Friday, January 20, 2012

Translating If-Then-Else Control Flow Idiom to F#

I was reading through Juval Löwy's Programming WCF Services book and wondering if I should do a series of WCF blog posts in F# based on Löwy's book when I ran into a common construct found in C# programs. That construct looks something like the following C# code:

    public static void MyMethod(String oldstuff, String newstuff, bool flag)
        if (oldstuff == null)
         throw new Exception("oldstuff is null!");

        if (newstuff == null)  {
        if (flag == false)  {

This is a construct that I oftened have used in the past and have never thought about it much. But when you translate the above code directly into F#, it becomes a lot more verbose because F# requires you to implement the then clause. A direct translation to F# as follows:

let mymethod oldstuff newstuff flag =
    if oldstuff = null then 
        raise (new Exception("oldstuff is null!"))
        if newstuff = null then
            if flag = false then

If I had a lot of these if-then-else statements in my C# method, then my F# version would disappear off the screen to the right if I tried to implement it by direct translation. I thought about how I could implement this in F# and came up with this following possibility:

let revised_mymethod oldstuff newstuff flag =
    let (_,action) =
        [(oldstuff=null,  lazy (raise (new Exception("oldstuff is null!"))));
         (newstuff=null,  lazy (DoSomething("Default")));
         (flag=false,     lazy (DoSomething(oldstuff)));
         (flag=true,      lazy (DoSomething(newstuff)))]
        |> List.filter fst
        |> List.head

Rewriting the C# code in this fashion makes me think of rules engines and after refactoring out some common code, I could rewrite the above F# code as follows:

let followrules (xs:(bool*Lazy<unit>) list) =
    (xs |> List.filter fst |> List.head |> snd).Force()

let revised_mymethod2 oldstuff newstuff flag =
    [(oldstuff=null , lazy (raise (new Exception("oldstuff is null!"))));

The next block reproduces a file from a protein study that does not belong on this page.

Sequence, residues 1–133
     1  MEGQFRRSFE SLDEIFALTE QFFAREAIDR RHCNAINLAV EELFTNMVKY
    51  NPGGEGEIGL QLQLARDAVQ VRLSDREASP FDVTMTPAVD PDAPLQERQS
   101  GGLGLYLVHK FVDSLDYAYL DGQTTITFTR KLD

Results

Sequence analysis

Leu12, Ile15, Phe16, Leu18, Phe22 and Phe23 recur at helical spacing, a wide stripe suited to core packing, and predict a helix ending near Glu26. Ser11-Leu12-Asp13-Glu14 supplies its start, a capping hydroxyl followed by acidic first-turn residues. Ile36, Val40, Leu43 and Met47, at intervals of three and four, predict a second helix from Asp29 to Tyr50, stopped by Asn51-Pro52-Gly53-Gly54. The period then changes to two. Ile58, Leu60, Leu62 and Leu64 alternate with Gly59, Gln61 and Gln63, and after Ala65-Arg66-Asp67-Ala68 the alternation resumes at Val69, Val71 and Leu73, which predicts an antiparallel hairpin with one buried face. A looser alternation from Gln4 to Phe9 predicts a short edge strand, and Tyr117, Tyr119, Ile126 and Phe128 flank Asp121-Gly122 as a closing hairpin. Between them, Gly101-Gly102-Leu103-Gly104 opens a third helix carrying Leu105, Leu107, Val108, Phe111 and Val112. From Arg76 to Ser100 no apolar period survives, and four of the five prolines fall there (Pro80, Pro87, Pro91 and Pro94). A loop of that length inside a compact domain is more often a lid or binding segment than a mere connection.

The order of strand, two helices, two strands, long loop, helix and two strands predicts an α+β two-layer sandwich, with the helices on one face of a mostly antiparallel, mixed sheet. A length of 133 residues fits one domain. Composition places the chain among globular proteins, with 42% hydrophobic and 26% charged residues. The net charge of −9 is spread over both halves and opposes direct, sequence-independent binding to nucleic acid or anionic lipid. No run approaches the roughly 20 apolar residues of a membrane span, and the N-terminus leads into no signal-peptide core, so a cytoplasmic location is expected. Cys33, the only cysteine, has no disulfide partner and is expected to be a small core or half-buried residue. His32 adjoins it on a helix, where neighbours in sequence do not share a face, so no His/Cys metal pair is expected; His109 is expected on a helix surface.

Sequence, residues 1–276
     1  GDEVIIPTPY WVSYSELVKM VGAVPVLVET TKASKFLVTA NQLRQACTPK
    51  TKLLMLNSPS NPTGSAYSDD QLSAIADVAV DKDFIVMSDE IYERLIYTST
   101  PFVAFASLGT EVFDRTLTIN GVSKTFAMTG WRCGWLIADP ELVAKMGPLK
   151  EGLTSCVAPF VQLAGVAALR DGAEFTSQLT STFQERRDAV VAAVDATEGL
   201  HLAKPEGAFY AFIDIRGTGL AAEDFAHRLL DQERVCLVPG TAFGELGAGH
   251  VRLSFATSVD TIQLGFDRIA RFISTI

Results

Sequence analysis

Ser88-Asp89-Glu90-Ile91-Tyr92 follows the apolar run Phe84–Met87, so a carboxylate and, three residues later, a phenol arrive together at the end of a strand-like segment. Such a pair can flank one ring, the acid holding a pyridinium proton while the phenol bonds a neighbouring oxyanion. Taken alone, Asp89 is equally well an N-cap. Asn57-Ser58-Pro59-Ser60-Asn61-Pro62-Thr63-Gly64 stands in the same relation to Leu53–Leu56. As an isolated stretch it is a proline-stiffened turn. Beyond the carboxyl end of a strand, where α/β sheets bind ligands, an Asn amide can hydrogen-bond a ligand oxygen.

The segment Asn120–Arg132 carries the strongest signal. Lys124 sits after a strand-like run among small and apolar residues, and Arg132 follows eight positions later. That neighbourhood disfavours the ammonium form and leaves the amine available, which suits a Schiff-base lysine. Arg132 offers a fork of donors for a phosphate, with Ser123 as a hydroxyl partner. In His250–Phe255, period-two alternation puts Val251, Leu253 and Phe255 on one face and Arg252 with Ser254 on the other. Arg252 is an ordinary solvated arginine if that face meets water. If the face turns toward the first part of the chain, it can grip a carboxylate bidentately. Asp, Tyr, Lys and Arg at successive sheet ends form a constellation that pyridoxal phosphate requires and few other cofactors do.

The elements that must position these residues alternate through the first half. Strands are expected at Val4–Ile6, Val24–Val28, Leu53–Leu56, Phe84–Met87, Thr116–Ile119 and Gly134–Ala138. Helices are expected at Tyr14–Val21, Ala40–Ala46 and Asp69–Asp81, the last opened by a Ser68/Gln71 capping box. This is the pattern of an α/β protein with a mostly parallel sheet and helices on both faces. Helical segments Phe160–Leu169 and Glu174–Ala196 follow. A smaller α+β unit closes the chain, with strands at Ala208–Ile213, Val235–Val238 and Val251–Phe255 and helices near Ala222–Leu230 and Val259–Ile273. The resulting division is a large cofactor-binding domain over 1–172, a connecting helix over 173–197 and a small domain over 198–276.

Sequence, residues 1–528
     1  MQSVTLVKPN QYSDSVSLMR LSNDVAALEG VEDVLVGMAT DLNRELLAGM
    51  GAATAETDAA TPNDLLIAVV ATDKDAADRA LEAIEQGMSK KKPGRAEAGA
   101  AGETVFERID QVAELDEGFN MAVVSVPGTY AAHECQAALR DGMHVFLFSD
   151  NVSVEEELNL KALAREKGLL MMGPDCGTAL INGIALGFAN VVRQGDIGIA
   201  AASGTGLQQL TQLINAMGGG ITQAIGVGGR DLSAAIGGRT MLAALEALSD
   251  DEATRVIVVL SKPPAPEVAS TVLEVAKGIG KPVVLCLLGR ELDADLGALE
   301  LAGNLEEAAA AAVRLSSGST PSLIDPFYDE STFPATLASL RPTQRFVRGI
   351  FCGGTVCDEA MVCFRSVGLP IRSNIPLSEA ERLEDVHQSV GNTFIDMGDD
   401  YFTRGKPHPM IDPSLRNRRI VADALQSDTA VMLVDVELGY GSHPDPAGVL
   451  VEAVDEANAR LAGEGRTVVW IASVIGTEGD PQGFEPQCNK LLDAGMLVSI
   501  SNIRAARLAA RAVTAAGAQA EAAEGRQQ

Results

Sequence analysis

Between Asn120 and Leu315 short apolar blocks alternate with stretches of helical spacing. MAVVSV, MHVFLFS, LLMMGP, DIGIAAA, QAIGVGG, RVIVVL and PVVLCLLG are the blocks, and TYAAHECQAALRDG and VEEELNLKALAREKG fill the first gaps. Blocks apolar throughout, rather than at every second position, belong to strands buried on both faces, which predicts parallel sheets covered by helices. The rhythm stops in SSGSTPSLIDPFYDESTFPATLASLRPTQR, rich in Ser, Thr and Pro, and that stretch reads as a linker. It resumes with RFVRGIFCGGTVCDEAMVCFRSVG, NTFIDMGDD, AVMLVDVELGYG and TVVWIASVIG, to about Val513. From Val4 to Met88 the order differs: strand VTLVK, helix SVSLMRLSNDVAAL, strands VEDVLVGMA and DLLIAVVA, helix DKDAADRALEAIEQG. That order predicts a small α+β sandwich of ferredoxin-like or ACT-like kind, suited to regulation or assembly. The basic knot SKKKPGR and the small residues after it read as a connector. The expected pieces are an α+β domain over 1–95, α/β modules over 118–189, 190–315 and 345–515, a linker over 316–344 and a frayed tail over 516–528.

(newstuff=null,  lazy (DoSomething("Default")));
     (flag=false,     lazy (DoSomething(oldstuff)));
     (flag=true,      lazy (DoSomething(newstuff)))]
    |> followrules

With this new construct, I can easily re-arrange the order of evaluation, add or remove new conditions. This new construct just seems to have more advantages than the old if-then-else construct in F#.


ptasz3k said...

Why don't You use elif instead of else .. if?

John Liao said...

You're right, in this poorly constructed example, I could have used elif instead of else .. if. I guess in my mind, I was thinking of more if (flag) { DoSomething(); } without the return and not exiting out of the method right away and dropping into the rest of the method execution blocks.

snarky anonymus said...

1. It's poor style to compare booleans with constants. Or you have another opinion?
2. Do not use 'lazy' before you understand it. Use fun () -> ...
3. List.filter followed by List.head is List.find.
4. Learn point-free. Shorten your code.

John Liao said...

Thanks to the feedback from snarky. I should have used List.find instead of List.filter followed by List.head. I suppose that I could have used anonymous functions vs lazy eval for the actions part and maybe it is not idiomatic F# to use it this way, but are there other drawbacks to it? I not sure what you mean by point-free, are you referring to the fact that I should implement followrules like the following:

let followrules (xs:(bool*(unit->unit)) list) = snd (List.find fst xs)()

and have the calling code become:
(flag, fun () -> DoSomething())

I'm not so sure what you are referring to in comparing booleans with constants. I need a boolean result passed to followrules. If you are referring to (flag=true) and (flag=false); in that situation, I could flip the order and the results would be different.